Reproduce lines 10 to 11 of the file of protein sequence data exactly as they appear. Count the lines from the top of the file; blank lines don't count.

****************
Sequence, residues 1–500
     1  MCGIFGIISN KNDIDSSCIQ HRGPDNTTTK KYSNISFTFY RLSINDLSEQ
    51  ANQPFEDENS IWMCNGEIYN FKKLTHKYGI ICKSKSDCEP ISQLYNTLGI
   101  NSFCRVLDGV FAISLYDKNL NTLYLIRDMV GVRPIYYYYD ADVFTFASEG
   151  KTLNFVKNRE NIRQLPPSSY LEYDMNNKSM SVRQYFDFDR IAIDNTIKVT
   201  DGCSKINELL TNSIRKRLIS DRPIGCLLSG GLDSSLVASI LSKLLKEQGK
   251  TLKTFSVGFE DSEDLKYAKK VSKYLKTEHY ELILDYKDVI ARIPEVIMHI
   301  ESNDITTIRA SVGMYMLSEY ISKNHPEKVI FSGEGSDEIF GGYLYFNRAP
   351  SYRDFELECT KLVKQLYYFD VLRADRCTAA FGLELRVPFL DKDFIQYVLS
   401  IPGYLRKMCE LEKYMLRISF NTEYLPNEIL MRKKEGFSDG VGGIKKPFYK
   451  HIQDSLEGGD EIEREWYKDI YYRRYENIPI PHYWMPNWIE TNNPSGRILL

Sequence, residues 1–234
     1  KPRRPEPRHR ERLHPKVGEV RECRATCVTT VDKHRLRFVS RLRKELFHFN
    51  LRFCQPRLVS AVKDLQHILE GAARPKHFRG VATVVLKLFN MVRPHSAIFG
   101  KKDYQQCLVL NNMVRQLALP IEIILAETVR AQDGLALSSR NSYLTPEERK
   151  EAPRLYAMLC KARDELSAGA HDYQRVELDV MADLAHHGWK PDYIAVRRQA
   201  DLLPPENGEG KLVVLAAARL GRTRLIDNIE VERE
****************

   401  IPGYLRKMCE LEKYMLRISF NTEYLPNEIL MRKKEGFSDG VGGIKKPFYK
   451  HIQDSLEGGD EIEREWYKDI YYRRYENIPI PHYWMPNWIE TNNPSGRILL